Shulamit Aloni, heretic of blessed memory

Shulamit Aloni was a groundbreaking pioneer and standard bearer for issues that she fervently believed in. In the days when the values of human rights, peace and feminism were less accepted in Israeli society than they are even today, she dared to talk about them with profound courage, paying a high political price. This is something I greatly admire.

I will miss her heretical side tremendously. Shulamit Aloni was a heretic for the sake of being a heretic. Without feeling the need to apologize – no cover stories, no euphemisms, without compromise and without reconciliation. She clung to her honesty, to her truth, to a consistent line of thinking, and challenged quite a few people brave and thoughtful people. Whenever I invited her to speak at “Meimad” events she happily participated, taking part in panels and meaningful discourse. I remember so well, a discussion she had with Rabbi Yehuda Amital z”l regarding the issue of civil marriage in Israel. By way of background, I’ll mention that this conversation took place about 20 years ago, when the entire political system, including the ruling Labor Party, was vehemently opposed to raising this issue for discussion, and not only because of political considerations. As a member of the panel Shulamit Aloni spoke her mind with fervor and brilliance. I saw that her well developed arguments were challenging Rabbi Amital, and that he in his greatness, agreed and accepted her position that a government cannot impose through legislation the way in which people get married. True, this story says much about Rabbi Amital’s character and personality, but it is no less indicative of Shulamit Aloni’s character.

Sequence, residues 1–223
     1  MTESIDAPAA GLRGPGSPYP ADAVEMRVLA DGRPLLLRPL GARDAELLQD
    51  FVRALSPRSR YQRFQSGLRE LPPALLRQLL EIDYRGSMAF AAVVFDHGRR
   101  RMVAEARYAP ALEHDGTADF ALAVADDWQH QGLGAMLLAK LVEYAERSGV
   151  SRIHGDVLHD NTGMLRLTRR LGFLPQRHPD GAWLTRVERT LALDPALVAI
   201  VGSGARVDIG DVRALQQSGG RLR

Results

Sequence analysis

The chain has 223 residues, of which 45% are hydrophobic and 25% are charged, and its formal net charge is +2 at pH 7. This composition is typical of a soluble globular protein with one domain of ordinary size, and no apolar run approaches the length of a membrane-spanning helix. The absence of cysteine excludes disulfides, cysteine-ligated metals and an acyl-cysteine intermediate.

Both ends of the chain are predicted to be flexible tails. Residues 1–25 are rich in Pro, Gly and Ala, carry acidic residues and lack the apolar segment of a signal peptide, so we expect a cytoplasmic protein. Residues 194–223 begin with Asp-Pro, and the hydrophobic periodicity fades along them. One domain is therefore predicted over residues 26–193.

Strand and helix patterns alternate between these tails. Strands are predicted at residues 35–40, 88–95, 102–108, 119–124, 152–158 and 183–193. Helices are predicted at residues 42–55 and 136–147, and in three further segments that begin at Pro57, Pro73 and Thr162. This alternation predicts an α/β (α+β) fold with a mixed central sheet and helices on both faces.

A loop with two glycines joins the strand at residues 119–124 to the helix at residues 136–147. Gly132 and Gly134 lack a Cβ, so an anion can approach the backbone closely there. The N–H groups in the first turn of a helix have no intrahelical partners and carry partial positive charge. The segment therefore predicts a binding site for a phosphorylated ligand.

I cannot help but add an aside, that if the current governance laws being proposed to increase the electoral threshold for a party to enter Knesset had been in effect then, Shulamit Aloni and “Ratz”, would never have been elected to the Knesset. It is likely, in that case that Israeli public life would have been deprived of Shulamit Aloni entirely.

Naturally, we had our arguments and disagreements. Shulamit Aloni was raised with a very broad and deep secular education alongside a cultural Jewish education rich in Biblical studies, Hebrew language, Talmud and Jewish philosophy. She felt that also in our times, children were growing up within an educational system that sanctifies education in general and Jewish education in particular. Our arguments were always related to this issue. For some reason she was not able to accept that our educational system does not offer the same cultural wealth that was part and parcel of the education she received in her youth. Unfortunately she failed in realizing that there was a need to change the educational agenda in order to continue to turn out students such as herself. I always believed that our society would be built on the mutual nourishment to be found along the seam between the best G-d fearing students and the best heretical ones. Shulamit Aloni personified the image of the best heretical student. She knew how to encourage, how to challenge and how to analyze. Her positions left an important mark and I have no doubt that they will continue to influence and guide Israeli society in positive directions long after her death.

May her memory be for a blessing.

About the Author
Rabbi Michael Melchior is a leading advocate for social justice in Israel, education for all, Jewish-Arab reconciliation and co-existence, protection of the environment, and Israel-Diaspora relations. Through his work, Rabbi Melchior seeks to strengthen Israeli civil society so it may catalyze significant social change in the State of Israel. He was a member of Knesset for the Meimad Party. Rabbi Melchior continues to hold the title of Chief Rabbi of Norway.
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